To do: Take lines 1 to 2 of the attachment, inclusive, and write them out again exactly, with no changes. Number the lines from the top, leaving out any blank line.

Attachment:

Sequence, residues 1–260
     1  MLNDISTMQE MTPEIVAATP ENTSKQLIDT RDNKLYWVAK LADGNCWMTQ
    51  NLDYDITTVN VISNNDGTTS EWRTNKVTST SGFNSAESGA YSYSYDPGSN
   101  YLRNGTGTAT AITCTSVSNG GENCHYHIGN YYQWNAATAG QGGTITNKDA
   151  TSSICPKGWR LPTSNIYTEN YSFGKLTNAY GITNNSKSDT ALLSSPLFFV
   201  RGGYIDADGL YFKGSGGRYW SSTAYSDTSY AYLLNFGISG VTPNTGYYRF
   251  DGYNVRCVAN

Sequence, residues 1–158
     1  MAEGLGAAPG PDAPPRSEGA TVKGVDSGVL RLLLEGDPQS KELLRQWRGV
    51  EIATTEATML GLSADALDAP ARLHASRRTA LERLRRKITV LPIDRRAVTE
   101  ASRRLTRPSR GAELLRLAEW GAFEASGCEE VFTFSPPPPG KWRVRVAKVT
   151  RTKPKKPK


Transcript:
Sequence, residues 1–260
     1  MLNDISTMQE MTPEIVAATP ENTSKQLIDT RDNKLYWVAK LADGNCWMTQ